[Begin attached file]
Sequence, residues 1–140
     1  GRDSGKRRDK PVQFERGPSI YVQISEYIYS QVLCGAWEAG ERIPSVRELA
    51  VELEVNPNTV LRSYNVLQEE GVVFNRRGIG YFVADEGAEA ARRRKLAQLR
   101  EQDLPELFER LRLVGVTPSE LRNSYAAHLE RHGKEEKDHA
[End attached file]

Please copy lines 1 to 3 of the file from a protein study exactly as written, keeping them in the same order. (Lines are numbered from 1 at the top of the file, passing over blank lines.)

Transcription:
Sequence, residues 1–140
     1  GRDSGKRRDK PVQFERGPSI YVQISEYIYS QVLCGAWEAG ERIPSVRELA
    51  VELEVNPNTV LRSYNVLQEE GVVFNRRGIG YFVADEGAEA ARRRKLAQLR